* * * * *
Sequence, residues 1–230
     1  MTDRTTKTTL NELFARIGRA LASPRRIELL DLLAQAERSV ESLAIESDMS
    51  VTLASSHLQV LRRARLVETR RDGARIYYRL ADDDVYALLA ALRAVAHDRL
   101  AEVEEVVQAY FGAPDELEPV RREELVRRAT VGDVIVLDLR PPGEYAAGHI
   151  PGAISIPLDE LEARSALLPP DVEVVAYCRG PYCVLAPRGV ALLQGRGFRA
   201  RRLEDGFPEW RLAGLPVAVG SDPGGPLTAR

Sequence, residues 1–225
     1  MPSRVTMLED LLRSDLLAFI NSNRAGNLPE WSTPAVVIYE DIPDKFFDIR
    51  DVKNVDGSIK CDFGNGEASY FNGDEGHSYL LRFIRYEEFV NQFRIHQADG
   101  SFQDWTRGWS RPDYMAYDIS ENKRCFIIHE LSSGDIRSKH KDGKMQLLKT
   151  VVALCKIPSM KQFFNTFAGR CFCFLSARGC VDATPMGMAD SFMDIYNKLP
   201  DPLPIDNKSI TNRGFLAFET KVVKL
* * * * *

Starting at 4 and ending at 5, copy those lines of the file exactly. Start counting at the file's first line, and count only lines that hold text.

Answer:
   101  AEVEEVVQAY FGAPDELEPV RREELVRRAT VGDVIVLDLR PPGEYAAGHI
   151  PGAISIPLDE LEARSALLPP DVEVVAYCRG PYCVLAPRGV ALLQGRGFRA